Ex-343 Industries developer Blaze Lightcap says that recent Halo Infinite Season 2 changes including nerfs to sliding and the removal of several trick jump spots make him “sad” about the direction the FPS game’s balance is heading in. The patch notes include a nerf to ‘ramp boosting’ – a technique used by players to gain extra momentum by landing into a slide on a downhill slope, which allows them to cross large distances quickly.
A series of “collision fixes on all previously released multiplayer maps” has removed the ability to stand on small props and thin ledges. These collision spots are often used by players to perform ‘trick jumps’ that allow them to traverse maps in clever ways – something that has been a long-running part of the series, with players creating clips and montages of their favourite trick jumps. Another player, Ligh1s, demonstrated that an open window could no longer be passed through even after grappling up to it directly.
The developer notes for the patch explain that they are considering if “the environment clearly communicates to the player their traversal options in a consistent and readable manner,” suggesting that they are wary of tricks that might be considered more ‘hidden’ techniques. This approach, however, is in contrast to comments made during the development of Halo 2 Anniversary, where the 343 team considered it important to preserve trick jump spots from the original game.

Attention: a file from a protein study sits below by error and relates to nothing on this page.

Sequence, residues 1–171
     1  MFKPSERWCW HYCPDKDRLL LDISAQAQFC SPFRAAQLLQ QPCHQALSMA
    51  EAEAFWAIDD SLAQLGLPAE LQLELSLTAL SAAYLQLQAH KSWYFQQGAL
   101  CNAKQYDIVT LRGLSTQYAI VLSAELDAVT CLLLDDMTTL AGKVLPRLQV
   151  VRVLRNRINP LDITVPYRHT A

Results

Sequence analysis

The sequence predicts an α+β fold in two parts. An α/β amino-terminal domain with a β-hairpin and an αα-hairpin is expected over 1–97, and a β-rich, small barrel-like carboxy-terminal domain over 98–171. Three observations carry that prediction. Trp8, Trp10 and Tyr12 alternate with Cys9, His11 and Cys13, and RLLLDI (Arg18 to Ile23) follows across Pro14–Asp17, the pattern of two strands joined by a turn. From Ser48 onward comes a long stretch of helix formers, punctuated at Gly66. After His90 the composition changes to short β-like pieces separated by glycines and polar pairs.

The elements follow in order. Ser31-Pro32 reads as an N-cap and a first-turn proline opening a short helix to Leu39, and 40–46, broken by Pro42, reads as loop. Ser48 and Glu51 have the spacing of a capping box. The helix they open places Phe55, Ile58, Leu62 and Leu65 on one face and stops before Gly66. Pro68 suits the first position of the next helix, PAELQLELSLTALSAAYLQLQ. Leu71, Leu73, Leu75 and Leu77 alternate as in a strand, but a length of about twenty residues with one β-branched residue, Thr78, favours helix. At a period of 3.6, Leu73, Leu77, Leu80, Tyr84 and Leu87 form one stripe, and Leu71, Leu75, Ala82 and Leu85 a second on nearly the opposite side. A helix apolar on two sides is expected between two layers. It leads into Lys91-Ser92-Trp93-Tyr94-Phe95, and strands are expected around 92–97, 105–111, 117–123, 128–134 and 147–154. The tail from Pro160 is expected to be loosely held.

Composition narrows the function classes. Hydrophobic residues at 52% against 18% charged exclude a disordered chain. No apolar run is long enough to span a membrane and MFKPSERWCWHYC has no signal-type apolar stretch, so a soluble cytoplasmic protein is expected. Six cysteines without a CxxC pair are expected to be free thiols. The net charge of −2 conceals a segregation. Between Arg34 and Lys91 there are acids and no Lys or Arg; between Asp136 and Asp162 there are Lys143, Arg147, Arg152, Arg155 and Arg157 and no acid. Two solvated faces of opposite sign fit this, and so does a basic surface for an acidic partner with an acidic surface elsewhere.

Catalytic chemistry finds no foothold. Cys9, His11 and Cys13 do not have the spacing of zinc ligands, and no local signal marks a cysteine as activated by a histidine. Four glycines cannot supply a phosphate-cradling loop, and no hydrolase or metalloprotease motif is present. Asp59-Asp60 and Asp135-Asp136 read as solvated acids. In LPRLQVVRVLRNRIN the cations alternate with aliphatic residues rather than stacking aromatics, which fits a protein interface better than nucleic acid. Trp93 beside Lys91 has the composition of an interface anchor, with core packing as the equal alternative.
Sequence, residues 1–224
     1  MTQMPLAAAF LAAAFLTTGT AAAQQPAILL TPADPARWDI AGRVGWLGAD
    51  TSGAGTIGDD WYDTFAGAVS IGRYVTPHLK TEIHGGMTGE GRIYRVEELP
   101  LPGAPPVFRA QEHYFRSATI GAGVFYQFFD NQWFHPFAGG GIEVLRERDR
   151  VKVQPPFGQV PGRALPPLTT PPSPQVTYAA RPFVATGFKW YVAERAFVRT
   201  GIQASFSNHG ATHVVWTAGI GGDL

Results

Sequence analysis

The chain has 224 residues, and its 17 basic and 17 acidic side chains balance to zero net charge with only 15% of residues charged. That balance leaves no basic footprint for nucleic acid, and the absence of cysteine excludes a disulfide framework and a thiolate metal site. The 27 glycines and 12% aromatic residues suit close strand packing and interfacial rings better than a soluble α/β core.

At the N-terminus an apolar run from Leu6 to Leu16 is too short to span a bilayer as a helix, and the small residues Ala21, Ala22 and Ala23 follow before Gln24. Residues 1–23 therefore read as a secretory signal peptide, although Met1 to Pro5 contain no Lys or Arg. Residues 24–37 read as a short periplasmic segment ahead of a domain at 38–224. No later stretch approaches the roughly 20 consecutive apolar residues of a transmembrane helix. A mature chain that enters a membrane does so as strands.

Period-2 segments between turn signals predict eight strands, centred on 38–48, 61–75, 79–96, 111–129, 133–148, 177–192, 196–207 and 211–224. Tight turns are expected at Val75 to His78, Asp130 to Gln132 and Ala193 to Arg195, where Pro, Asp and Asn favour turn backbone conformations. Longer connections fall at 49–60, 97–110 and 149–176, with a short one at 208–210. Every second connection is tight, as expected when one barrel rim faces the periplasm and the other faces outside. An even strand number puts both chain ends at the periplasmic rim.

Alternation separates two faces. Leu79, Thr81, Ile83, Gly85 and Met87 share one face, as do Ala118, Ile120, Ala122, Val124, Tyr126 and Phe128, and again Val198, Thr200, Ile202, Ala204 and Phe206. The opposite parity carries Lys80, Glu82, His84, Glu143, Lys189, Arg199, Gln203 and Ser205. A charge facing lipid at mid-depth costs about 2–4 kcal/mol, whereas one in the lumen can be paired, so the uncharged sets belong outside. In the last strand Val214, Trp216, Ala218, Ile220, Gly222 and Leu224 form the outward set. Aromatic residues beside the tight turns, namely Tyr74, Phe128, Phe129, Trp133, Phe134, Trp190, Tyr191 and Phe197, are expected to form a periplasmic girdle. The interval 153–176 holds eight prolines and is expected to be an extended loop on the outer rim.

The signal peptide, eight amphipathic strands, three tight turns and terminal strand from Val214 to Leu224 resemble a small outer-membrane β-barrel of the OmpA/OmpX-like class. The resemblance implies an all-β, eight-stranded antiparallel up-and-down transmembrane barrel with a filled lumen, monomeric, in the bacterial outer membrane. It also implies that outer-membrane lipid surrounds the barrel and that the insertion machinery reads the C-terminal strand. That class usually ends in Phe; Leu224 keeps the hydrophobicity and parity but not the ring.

In discussions with Halo fans on Twitter, Blaze, who has also worked on level design for Splitgate, laments this approach, saying that “this particular example isn’t a big deal but it shows intent and is something that is likely across the board.” Blaze comments that removing mechanics such as these will only discourage the community. Trick jumper LBBubba echoes those thoughts, saying that the time and effort spent developing these skills and finding trick jumps “shouldn’t be seen as a bad thing.”
Halo commentator Alexander ‘Shyway’ Hope also spoke about the changes, saying he is “feeling betrayed” by trick jumps being patched out with zero warning. Shyway says that these systems encourage players to “invest more time in Halo and appreciate mechanics that make it unique and exciting.” As Blaze puts it, even simple changes like these take “more dev time than you’d expect” to implement – so “why invest manpower taking away things people enjoy?”
Someone literally had to go out of their way and spend valuable time to remove features that are important to major sub communities of their game…
Not only invalidating the time commitment of those who already invested learning and teaching but deterring them from continuing. https://t.co/pvBSLZB3Dp
— Blaze Lightcap | Level Design (@BlazeDillon) May 3, 2022
If Halo Infinite Season 2’s changes aren’t getting you fired up, there’s plenty of other great free-to-play games in our extensive list for you to check out.